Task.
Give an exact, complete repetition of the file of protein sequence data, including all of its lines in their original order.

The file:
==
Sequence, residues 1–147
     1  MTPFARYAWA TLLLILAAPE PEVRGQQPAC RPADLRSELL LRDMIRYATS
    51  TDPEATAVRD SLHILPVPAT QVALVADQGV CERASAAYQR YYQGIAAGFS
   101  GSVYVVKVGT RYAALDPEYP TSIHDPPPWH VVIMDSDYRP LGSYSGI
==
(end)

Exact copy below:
Sequence, residues 1–147
     1  MTPFARYAWA TLLLILAAPE PEVRGQQPAC RPADLRSELL LRDMIRYATS
    51  TDPEATAVRD SLHILPVPAT QVALVADQGV CERASAAYQR YYQGIAAGFS
   101  GSVYVVKVGT RYAALDPEYP TSIHDPPPWH VVIMDSDYRP LGSYSGI